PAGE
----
As the Supreme Court is busy banning bigger engined diesel vehicles and taxing smaller engined ones in Delhi, the government of India is working on a policy to create a positive environment for flex-fuel vehicles (with engines that can run on 100% ethanol as well as petrol) across the nation. Speaking at the Annual General Meeting of the Indian Sugar Mills Association (IMSA), Transport Minister Nitin Gadkari, a formal announcement on flex-fuel vehicles in India will be out on January 26. He called upon the sugar industry to ramp up their production of ethanol to support the policy. For flex-fuel vehicles to be effective in India, the country’s ethanol production should me increased manifold. India achieved 2.5% ethanol blend in petrol last year and ISMA supplied 66 crore litres of ethanol for the purpose. This year, the organization has signed a contract to supply 104 crore litres as the country is looking to raise the blend to 5%.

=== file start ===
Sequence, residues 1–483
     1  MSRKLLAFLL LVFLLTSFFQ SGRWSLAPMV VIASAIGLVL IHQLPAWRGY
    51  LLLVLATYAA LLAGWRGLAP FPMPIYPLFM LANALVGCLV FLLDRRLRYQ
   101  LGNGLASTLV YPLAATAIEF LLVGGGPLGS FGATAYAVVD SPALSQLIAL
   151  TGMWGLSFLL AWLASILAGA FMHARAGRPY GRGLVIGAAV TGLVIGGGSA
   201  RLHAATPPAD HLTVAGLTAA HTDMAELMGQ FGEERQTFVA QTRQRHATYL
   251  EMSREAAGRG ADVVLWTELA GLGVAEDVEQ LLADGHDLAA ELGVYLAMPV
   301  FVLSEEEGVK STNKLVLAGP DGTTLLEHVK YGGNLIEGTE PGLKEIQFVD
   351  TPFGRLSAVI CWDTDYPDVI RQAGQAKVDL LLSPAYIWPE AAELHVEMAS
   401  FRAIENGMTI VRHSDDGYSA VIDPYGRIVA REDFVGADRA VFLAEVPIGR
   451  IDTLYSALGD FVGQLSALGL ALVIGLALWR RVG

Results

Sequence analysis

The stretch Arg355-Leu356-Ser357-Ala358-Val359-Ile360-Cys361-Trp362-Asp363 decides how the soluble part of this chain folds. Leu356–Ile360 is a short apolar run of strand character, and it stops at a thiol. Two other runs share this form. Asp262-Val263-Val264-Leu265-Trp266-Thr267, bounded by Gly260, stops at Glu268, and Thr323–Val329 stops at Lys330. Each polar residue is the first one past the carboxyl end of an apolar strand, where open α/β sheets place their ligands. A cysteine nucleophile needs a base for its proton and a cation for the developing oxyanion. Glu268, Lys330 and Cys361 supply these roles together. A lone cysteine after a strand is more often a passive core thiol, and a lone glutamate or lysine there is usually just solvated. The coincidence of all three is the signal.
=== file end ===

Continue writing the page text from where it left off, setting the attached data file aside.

Scania has already stated pilot testing of ethanol powered city bus in India.
For ethanol to be used as fuel in its own right rather than as a blend for petrol, the nation needs to have massive infrastructure and suitable policy. Flex-fuel vehicles in India would go a long way in reducing the country’s dependability on crude oil imports and cut pollution significantly as ethanol powered vehicles emit up to 80% less CO2 compared to fossil fuel powered vehicles.
The transport minister stated that he had asked Volkswagen to make flex-fuel vehicles for India. It’s to be noted that all major global OEMs have rich experience in flex-fuel technology since countries like Brazil have implemented it long ago. More automakers will eventually join the movement.